Tattoo Culture Around the World
In recent years, society has undergone a remarkable transformation regarding our views on tattoos. Those of us born in the 1980s or before have likely noticed this — tattoos were once a taboo here in America. They were hidden from parents. They had to be concealed from potential bosses. If you had any aspirations of an upper-class lifestyle, a visible tattoo would have served as a potential barrier to entry.
Somehow, that has all changed.
Now, tattoos adorn the skin of around 40% of all Americans between the ages of 26 and 40. It is no surprise to see them on our bosses or our school teachers. Tattoos are now seen as a form of expression that is as valid as pierced ears or hairstyle. Just like pierced ears and hair, certain tattoos can still cause alarm, but they are far less likely to inspire a startled gasp than they once were.
What is truly incredible is how different cultures view tattoos around the world. While we in America have a complicated history with them, in many cultures they are seen as a symbol of purity. They can be a rite of passage, ensuring societal acceptance. They may be the only means of being viewed as beautiful. They may also represent a religious ritual.
Tattoo culture around the world holds plenty of surprises for those who have grown up with the American interpretation. Here is how tattoos are viewed in different parts of the globe.
Tattoos in Japan
Japan has had a complicated history with tattoos. Anyone who has visited the island nation has likely seen the “no tattoos allowed” signs at public bathing facilities, saunas, gyms and more.
As it turns out, a large part of Japan’s aversion to tattoos is thanks to the yakuza, or the Japanese mafia. Traditional Japanese tattooing is known as irezumi. The complexity of the Japanese relationship with tattoos begins in the 1600s, when the government enacted a policy that all criminals must be tattooed — an act known as bokkei. This would make it difficult for them to gain acceptance again in society. This policy of branding endured for over 200 years.
The yakuza’s tattoo culture formed as a protest against bokkei. The full-body tattoo was a creation of the yakuza and continues to be popular to this day. Even today, though fewer yakuza members get tattoos so as to be able to go unnoticed in society, the process is still seen as a rite of passage.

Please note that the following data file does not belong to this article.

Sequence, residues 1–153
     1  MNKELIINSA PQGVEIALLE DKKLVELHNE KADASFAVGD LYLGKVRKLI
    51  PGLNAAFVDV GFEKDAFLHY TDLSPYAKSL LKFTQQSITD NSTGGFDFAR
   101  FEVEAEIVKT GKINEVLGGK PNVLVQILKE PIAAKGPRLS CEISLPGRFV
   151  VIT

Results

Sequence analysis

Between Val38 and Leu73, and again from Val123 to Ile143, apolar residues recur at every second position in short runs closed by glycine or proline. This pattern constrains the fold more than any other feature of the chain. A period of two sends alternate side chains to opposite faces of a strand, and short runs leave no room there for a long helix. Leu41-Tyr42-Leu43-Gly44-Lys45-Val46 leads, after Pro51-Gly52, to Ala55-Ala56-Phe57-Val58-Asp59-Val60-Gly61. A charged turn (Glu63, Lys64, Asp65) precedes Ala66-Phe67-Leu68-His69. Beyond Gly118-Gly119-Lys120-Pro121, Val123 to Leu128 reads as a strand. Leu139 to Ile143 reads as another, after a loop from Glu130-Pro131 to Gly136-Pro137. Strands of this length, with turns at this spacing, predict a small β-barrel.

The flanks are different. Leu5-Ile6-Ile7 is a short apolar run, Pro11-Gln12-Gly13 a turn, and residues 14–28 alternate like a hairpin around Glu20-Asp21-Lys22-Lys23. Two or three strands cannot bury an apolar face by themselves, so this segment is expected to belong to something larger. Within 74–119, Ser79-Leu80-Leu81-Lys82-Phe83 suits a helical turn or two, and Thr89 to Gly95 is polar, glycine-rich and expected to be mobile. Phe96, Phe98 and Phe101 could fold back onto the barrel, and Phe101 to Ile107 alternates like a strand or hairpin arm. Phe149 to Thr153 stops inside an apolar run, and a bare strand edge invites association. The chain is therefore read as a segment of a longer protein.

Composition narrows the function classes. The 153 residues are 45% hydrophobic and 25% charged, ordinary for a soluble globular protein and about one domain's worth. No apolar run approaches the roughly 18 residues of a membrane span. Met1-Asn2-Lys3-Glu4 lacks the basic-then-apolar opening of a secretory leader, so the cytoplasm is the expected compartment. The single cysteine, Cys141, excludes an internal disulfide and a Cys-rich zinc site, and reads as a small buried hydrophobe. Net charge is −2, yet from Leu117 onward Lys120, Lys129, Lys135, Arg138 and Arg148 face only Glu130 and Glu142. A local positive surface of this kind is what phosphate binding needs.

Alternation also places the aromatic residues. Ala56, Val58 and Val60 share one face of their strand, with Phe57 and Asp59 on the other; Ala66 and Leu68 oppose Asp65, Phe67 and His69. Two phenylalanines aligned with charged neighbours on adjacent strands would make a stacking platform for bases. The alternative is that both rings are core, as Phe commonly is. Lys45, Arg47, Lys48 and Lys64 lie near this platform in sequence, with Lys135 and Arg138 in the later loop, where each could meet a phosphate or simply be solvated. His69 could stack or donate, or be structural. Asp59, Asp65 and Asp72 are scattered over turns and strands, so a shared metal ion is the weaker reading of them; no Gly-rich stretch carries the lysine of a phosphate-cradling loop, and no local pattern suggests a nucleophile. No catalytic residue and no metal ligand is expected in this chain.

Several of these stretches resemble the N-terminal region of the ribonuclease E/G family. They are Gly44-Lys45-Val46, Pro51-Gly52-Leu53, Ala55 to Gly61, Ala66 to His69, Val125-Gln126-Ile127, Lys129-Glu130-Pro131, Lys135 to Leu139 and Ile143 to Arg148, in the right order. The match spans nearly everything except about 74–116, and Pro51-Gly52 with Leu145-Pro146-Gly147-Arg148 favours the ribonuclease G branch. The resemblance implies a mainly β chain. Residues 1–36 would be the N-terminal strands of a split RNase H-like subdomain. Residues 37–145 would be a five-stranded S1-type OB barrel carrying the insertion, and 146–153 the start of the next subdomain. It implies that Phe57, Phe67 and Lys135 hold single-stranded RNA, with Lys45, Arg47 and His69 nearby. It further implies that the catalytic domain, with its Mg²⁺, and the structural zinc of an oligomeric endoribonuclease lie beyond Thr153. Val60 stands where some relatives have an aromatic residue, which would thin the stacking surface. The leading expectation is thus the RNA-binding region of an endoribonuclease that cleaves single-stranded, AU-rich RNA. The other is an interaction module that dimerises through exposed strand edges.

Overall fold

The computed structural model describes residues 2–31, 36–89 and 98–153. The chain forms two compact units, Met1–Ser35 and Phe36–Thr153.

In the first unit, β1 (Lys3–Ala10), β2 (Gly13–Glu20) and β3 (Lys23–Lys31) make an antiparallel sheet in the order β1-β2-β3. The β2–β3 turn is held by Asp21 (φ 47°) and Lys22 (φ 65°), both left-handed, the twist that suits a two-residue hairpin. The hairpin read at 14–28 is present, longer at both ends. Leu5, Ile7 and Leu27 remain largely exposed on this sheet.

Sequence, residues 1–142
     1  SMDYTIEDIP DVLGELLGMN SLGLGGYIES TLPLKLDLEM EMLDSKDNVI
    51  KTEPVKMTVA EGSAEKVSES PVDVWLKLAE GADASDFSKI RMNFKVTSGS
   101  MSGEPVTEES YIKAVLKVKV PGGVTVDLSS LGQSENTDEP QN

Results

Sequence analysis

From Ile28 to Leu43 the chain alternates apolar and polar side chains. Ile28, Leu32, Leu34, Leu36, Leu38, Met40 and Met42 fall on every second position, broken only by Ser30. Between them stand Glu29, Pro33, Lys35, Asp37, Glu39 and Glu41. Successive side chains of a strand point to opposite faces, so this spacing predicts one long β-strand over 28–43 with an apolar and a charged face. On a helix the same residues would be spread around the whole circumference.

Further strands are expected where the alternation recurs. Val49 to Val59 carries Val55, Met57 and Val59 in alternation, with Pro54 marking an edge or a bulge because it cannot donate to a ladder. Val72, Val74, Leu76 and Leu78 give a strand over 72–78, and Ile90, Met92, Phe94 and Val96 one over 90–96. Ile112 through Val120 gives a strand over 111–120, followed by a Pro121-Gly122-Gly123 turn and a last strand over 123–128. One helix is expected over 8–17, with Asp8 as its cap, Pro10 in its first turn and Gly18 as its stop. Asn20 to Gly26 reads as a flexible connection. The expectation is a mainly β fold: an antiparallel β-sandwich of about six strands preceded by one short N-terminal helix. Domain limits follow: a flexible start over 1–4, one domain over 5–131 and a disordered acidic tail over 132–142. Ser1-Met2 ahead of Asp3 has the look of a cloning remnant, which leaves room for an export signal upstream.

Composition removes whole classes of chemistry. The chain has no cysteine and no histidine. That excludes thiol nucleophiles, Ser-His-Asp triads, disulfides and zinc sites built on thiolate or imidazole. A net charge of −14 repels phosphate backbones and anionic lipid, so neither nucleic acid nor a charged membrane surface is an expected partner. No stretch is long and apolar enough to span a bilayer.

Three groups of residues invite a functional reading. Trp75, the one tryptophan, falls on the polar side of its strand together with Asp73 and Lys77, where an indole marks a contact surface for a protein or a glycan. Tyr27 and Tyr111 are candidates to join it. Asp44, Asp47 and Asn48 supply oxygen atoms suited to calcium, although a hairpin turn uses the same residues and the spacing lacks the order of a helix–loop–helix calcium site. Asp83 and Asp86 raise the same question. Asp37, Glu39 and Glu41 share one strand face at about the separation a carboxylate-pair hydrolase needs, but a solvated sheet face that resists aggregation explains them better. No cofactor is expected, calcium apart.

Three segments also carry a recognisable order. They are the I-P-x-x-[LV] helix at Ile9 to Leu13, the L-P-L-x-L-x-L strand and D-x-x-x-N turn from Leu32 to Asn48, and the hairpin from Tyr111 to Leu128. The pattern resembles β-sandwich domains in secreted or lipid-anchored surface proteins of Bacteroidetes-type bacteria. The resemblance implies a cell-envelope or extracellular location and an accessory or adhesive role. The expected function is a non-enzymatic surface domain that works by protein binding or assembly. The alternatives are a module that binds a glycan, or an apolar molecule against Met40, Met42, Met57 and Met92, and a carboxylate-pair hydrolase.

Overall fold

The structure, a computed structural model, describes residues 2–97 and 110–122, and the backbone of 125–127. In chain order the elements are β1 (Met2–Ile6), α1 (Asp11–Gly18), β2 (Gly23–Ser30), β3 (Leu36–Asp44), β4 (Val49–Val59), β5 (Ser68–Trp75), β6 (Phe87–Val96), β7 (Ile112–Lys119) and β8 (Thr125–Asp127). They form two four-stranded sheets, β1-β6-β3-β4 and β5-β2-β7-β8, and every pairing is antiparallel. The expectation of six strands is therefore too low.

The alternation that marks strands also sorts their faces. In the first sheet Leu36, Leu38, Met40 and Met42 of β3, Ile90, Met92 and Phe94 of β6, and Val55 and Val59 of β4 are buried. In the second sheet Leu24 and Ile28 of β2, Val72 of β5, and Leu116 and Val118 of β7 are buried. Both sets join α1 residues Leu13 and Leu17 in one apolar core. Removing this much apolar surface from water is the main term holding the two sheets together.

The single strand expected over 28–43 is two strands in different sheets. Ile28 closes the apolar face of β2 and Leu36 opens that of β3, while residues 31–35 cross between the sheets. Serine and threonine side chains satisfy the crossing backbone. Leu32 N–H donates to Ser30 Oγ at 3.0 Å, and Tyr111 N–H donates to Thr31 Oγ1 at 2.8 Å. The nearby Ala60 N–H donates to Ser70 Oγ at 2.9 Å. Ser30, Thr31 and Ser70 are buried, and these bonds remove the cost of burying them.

Casting the group’s obvious unsavory nature aside for a moment, their tattoos are remarkable. Rich in symbolism, Japanese tradition and storytelling, they include staples such as the koi fish, dragon, phoenix, snake and others.
The Maori people of New Zealand have a rich history of tattoos. Originally thought to have reached the Maori via east Polynesia, tattooing became an integral part of their culture. Because the Maori considered the head to be body’s most sacred part, they focused heavily on facial tattoos. If a Maori was highly ranked, it was certain that the person would be tattooed. Similarly, anyone without status would likely have no tattoos.
The practice of tattooing started at puberty. A sacred ritual, it took place as part of a religious practice. Tattoos made warriors more attractive to women and more fearsome to opponents. Due to the rudimentary and painful nature of the tattooing process, a person would often be rendered bedridden for many days while the swelling reduced and the tattoo wounds healed.
The fascinating fact here is that, while tattoos are often seen as rebellious in western culture, in Maori culture they were expected. To refuse to be tattooed was the rebellious act.
The New Zealand government banned Maori tattoos in 1907 with the Tohunga Suppression Act, which intended to replace traditional Maori practices with modern medicinal practices. This act served, tragically, to threaten Maori culture as a whole. Fortunately, it was repealed in the 1960s, and Maori tattoos have since made a comeback.
As a last interesting note, the word “tattoo” comes from a Tahitian word “tattau,” meaning to strike or tap.
Tattoos in Africa
Africa has one of the oldest histories with tattoos anywhere in the world. From an Egyptian mummy found with a tattoo dating to near 2000 BCE to an example found in Libya, Africa offers a rich history of tattoos. While the Egyptian tattoos are believed to have symbolized things like fertility and worship of the gods, they have other meanings in other parts of Africa.
North Africa has largely seen tattooing as taboo due to its Islamic influences throughout history. Tattoos are seen as akin to spraying graffiti on the body, which is a gift from Allah. Regardless, there is still some history of tattoos throughout North Africa, perhaps as a subculture and perhaps born out of rebellion.
In sub-Saharan Africa, there is a unique practice of tattooing known as skin scarification. In it, a practitioner uses an instrument with a sharp blade to cut the skin in particular patterns. Eventually, scar tissue forms over the wound and the shape remains. Though dangerous due to the risk of infection, these scars were used to ward off evil.
Today, a similar process called cicatrization is widely used. In it, the artist cuts the skin deeply and then rubs soot or ash into the wound. The soot or ash causes the skin over the wound to protrude upward, allowing for a three-dimensional raised scar. Normal tattoos have also gained popularity. In many tribes, the complexity of tattoos reflects the social status of the person.
Tattoos in India
Tattooing has been common for many centuries in tribes scattered across the vastness of the Indian subcontinent. The tribes would view the tattoos as unstealable jewelry, or as a means to make young women seem unattractive to neighboring tribes who might otherwise steal them. In the northeast, headhunters would bear facial tattoos that recounted how many lives they had taken.
In the intoxicating heat of southern India, permanent tattoos have long been a tradition. Referred to as pachakutharathu, they only ceased being popular around 1980. The tattoo artists would travel around creating tattoos of labyrinth-like snares on people’s bodies so that they could ward off evil.